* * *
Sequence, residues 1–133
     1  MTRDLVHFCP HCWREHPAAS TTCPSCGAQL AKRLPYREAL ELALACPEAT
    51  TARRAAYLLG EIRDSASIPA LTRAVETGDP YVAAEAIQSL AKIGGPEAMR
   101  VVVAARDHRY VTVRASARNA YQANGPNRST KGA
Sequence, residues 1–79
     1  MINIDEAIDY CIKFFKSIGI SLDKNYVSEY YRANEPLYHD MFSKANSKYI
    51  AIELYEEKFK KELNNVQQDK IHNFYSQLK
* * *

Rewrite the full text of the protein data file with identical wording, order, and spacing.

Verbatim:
Sequence, residues 1–133
     1  MTRDLVHFCP HCWREHPAAS TTCPSCGAQL AKRLPYREAL ELALACPEAT
    51  TARRAAYLLG EIRDSASIPA LTRAVETGDP YVAAEAIQSL AKIGGPEAMR
   101  VVVAARDHRY VTVRASARNA YQANGPNRST KGA
Sequence, residues 1–79
     1  MINIDEAIDY CIKFFKSIGI SLDKNYVSEY YRANEPLYHD MFSKANSKYI
    51  AIELYEEKFK KELNNVQQDK IHNFYSQLK